Date: Thursday, 17 August 2017
Time: 18:30 – 20:30
Venue: Donald Gordon Auditorium, Wits School of Governance, 2 St David’s Place, Parktown
Seats are limited! RSVP essential! Click on this link: https://goo.gl/forms/qm1pvVCIDktZ1AgG2 by 14 August 2017.
INVITE – Public lecture by Mmusi Maimane on Economic Transformation (17.8.2017)
In the near future, we will have a variety of money with different qualities and different purposes. This will make economies more resilient against shocks and will support more equitable and sustainable development, by putting users in the driver seat and reinforcing local economic development.
You can read the entire article here.
The Land Matrix Initiative (LMI) is a global and independent initiative monitoring competition over land use in the Global South. Its goal is to facilitate an open development community of citizens, researchers, policy-makers and technology specialists to promote transparency and accountability in decisions over land and investment.
In view of enhancing the quality of the LMI, and increasing its impact on policy-dialogue and decision making, the LM is involved in a process of decentralisation and expansion.
In the framework of this expansion and decentralisation, it has been decided to establish a Land Matrix Coordination Unit (LMCU). The LMCU consists of a decentralized team of five coordinators, each of them hosted by one of the LMI partners.
Please see below the full advert for this position:land_matrix_vacancy_announcement_-_partnership_coordinator_for_the_land_matrix_initiative_-_june_2017
Bruno Losch, GovInn’s co-director, participated in the International Conference on The Future of the Rural World (Berlin, April 27-28) organized within the framework of the German G20 Presidency.
Bruno Losch was part of the International Advisory Committee in charge of drafting the Berlin Charter: “Creating opportunities for the young generation in the rural world“. The Charter was discussed through an open web based dialogue, amended, and then submitted to the Conference. Participants worked in six parallel thematic Charter Fora which provided final revisions. Bruno Losch was the advocate of the Charter Fora session on Entrepreneurship, jobs and skills. His testimony was shared along with the other advocates – including University of Pretoria’s Sheryl Hendricks – in a video presented to the audience.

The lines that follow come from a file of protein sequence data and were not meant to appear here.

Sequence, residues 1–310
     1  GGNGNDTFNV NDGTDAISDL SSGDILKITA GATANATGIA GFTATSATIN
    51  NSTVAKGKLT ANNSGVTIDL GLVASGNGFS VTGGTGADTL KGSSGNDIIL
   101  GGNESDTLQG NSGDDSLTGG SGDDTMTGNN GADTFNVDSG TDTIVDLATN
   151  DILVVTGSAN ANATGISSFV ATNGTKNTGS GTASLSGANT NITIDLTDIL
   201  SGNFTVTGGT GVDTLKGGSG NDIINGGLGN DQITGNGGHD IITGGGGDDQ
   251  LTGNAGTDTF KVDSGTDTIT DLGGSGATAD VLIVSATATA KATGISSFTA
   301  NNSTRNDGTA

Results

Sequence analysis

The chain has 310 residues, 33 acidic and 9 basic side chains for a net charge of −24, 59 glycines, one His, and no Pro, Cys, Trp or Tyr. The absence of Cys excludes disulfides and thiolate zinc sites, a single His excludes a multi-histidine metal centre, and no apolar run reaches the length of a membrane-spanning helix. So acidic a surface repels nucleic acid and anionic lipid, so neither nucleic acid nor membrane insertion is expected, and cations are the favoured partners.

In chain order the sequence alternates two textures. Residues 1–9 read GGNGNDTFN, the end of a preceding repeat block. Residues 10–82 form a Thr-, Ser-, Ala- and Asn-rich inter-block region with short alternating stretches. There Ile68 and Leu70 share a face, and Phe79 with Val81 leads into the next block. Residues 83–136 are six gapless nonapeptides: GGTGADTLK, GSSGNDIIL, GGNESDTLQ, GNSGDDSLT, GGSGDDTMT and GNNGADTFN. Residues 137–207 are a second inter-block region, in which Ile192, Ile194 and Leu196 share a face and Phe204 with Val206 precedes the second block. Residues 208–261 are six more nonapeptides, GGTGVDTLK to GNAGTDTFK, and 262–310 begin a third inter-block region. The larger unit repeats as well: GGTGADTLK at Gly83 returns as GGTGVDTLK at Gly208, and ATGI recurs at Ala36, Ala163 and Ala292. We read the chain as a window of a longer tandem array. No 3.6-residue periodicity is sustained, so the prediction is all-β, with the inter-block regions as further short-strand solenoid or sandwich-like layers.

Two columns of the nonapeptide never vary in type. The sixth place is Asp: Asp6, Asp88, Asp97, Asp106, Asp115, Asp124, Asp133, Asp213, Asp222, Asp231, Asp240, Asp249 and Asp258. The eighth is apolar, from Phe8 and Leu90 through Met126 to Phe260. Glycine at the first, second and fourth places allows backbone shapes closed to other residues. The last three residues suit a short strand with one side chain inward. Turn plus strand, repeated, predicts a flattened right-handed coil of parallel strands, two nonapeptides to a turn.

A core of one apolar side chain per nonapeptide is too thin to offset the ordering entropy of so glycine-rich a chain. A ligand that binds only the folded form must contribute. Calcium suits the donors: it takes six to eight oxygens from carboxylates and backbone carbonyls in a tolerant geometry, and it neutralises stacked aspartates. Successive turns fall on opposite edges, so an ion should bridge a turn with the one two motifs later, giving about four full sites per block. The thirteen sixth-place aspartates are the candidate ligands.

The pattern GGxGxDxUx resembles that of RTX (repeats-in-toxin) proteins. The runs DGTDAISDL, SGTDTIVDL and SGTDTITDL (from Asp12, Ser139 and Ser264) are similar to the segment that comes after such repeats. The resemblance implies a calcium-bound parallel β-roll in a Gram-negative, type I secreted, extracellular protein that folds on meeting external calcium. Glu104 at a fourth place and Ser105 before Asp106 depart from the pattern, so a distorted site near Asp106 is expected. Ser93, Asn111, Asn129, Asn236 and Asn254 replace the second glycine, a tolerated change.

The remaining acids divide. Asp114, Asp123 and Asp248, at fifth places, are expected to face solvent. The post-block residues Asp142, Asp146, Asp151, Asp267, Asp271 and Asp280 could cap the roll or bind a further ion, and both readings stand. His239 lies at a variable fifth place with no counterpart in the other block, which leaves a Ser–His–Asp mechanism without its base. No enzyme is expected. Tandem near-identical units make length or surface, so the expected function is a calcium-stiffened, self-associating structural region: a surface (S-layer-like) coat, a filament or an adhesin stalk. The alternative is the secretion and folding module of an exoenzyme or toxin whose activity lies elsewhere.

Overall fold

The Charter was then approved by the Conference (the final version is here) and handed over to Dr. Gerd Müller, German Federal Minister for Economic Cooperation and Development.
The Charter calls on all stakeholders – national governments, development partners and finance institutions, the private sector, civil society and youth – for transformative change and to commit to significant, quantified and time-bound targets in line with the Sustainable Development Goals (SDGs). It particularly addresses the situation of people suffering hunger and undernutrition and the need for concerted political and humanitarian actions to immediately end the current food crises situations in Africa.
The Charter focuses on the critical importance of access to innovative education and training as well as information and communication technologies (ICTs) for youth and young entrepreneurs. It reminds the role of infrastructure and services in rural areas and the necessary change of perspective about the potential of rural areas in school, politics and the media. As highlighted by Losch, an important result of the Berlin Charter is that “it puts upfront the need to reinvest and invest in development strategies. We need to understand the processes underway in order to engage in better policy making”.
Bruno Losch also particpated in a parallel panel session titled “Decent Jobs for Youth in the Rural Economy” organized by FAO and ILO. More information can be found on the International Labour Organisation website.
For more information of the initiative, visit the website for the German Federal Ministry for Economic Cooperation and Development and the website of the DST-NRF Centre of Excellence in Food Security.
The Department of Political Science at the University of Amsterdam invites applications for a 18 month postdoctoral research fellowship. The position is part of the research project ‘The Political Economy of Macroeconomic Measurement’, led by prof. Daniel Mügge and funded by the European Research Council (ERC). The Faculty of Social and Behavioural Sciences (FMG) of the University of Amsterdam (UvA) is the largest educational and research institution in the social sciences in the Netherlands, and one of the highest-ranked such institutions in Europe.
Systematic knowledge on the politics of macroeconomic measurement is thin for OECD members already. But it is almost non-existent for other countries. To address this gap, this postdoc project focuses on one non-OECD economy: South Africa. It has become an important player on the global economic stage over the past two decades, and it has been drawn into the web of global economic governance. That has entailed an increasing embrace of macroeconomic measurement practices such as the System of National Accounts, which had been devised by and for rich, developed countries. At the same time, South Africa comes to global statistical practices from a very specific vantage point, given both its legacy of apartheid and a highly idiosyncratic economic structure.
Closing date for application is 26 April 2017.
More information about this call can be found here.